Policy-induced theft PDF Print E-mail
Sunday, 05 December 2004 00:00
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Reliance Infocomm is reported to be in the dock for allegedly routing international long-distance calls illegally, prompting BSNL to threaten to cut off its connections in at least 30 cities where such calls are said to have been passed on.

As this newspaper has been arguing for a long time, the primary responsibility for such theft, wherever it exists, lies with the telecom regulatory regime. Under the Access Deficit Charge (ADC), telecom companies have to shell out a hefty portion of what they earn to fund Bharat Sanchar Nigam Limited (BSNL).

While this amount is large for national long-distance calls (around 60 paise on calls where companies charge Rs 2.50 per minute), it gets worse on international calls.

Here, the subsidy that has to be given to BSNL works out to Rs 4.25 per minute on calls that cost Rs 8–10 a minute. So it’s hardly surprising that companies are tempted to not declare these calls to BSNL, and simply pocket Rs 4.25 per minute. Given that the total value of incoming international minutes is in the region of Rs 6,000 crore per annum, there’s a huge amount of money to be made through such “arbitrage”.

Indeed, it is possible that companies are indulging in such arbitrage on national long-distance calls as well, since shelling out a fourth or a fifth of your revenue to a competitor like BSNL is not the most attractive proposition for anyone.

What makes such arbitrage attractive from a telecom company’s point of view, over and above the financial saving, is the fact that BSNL uses this money to compete against the very firms who pay it the ADC—witness the savage cuts made by BSNL in all its tariffs over the past year, and you realise just what the private sector telecom firms are up against.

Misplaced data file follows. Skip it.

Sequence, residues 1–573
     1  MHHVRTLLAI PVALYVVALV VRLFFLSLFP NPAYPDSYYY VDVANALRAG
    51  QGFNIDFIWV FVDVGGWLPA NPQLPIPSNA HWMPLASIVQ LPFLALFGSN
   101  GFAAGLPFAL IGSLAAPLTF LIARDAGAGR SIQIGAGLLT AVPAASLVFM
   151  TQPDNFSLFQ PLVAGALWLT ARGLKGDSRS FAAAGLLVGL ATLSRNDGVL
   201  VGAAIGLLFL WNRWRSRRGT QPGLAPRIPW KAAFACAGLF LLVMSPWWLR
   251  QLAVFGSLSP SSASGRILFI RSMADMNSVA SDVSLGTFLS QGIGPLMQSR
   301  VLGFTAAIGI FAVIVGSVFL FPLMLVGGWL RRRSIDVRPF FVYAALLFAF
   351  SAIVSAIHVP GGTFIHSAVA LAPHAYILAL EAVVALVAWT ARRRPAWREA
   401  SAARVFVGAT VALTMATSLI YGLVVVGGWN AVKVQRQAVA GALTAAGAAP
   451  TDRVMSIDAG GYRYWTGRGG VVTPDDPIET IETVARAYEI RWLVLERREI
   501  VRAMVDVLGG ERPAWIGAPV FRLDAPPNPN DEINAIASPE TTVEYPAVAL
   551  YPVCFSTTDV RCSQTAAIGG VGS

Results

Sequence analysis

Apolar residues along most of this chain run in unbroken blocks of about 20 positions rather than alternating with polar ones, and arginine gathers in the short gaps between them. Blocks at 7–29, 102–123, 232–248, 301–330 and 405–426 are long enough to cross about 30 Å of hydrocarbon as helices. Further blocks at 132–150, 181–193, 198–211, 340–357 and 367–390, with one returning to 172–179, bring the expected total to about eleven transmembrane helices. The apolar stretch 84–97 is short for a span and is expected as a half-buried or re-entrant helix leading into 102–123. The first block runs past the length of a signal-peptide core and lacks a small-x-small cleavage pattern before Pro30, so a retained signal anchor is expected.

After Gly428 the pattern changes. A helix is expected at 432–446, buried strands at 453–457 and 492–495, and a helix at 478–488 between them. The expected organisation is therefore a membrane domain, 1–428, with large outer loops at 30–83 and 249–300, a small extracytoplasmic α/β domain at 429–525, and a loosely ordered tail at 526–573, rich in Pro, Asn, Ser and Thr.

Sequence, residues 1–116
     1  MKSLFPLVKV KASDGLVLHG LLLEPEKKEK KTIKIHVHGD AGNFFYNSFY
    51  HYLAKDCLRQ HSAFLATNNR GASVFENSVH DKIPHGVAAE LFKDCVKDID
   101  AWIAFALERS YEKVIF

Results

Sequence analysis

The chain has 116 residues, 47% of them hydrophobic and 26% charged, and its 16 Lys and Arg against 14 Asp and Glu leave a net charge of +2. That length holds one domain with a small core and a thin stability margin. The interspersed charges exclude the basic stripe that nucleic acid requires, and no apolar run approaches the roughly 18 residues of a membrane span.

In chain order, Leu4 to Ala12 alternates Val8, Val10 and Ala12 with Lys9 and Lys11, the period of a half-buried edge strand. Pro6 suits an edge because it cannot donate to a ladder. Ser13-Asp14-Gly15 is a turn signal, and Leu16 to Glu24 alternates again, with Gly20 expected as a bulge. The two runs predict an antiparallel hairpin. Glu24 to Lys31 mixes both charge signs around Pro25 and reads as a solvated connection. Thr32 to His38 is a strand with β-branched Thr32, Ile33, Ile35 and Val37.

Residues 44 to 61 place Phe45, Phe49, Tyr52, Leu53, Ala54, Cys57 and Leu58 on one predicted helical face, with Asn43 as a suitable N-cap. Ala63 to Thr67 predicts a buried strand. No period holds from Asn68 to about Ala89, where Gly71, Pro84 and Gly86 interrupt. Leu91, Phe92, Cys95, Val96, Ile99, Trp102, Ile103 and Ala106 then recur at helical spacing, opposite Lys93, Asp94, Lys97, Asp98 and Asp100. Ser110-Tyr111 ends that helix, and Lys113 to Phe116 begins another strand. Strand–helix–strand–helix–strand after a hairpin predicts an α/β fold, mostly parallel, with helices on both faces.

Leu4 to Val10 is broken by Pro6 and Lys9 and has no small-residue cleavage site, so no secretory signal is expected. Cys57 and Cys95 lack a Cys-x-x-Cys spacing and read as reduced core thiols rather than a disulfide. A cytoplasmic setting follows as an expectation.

What makes the whole situation ludicrous is the telecom regulator’s position on the matter. Some months ago, when it was clear that the grey marketing of calls was skyrocketing, TRAI put out a consultation paper on ADC and discussed the idea of charging ADC as a flat revenue share of all calls, as opposed to the current system of levying flat rates on different types of calls, ranging from 30 paise per minute for intra-circle calls to Rs 4.25 for international ones.

Now, despite all the advice it has got to scrap the per-call ADC, senior TRAI officials have told this newspaper that the existing system is likely to stay. TRAI chief Pradip Baijal is also reported to have referred BSNL’s allegations against Reliance to the government, arguing that he is not a policeman and it is not his job to catch such theft.

Mr Baijal is wrong, as even a cursory reading of Sections 11 through 13 of the TRAI Act makes it clear that this is very much TRAI’s job; TRAI has the power to inquire into the matter, and to recommend, at the extreme, cancelling licences for non-compliance with the terms and conditions of a licence. It’s time TRAI woke up to its responsibilities, instead of just passing the buck.


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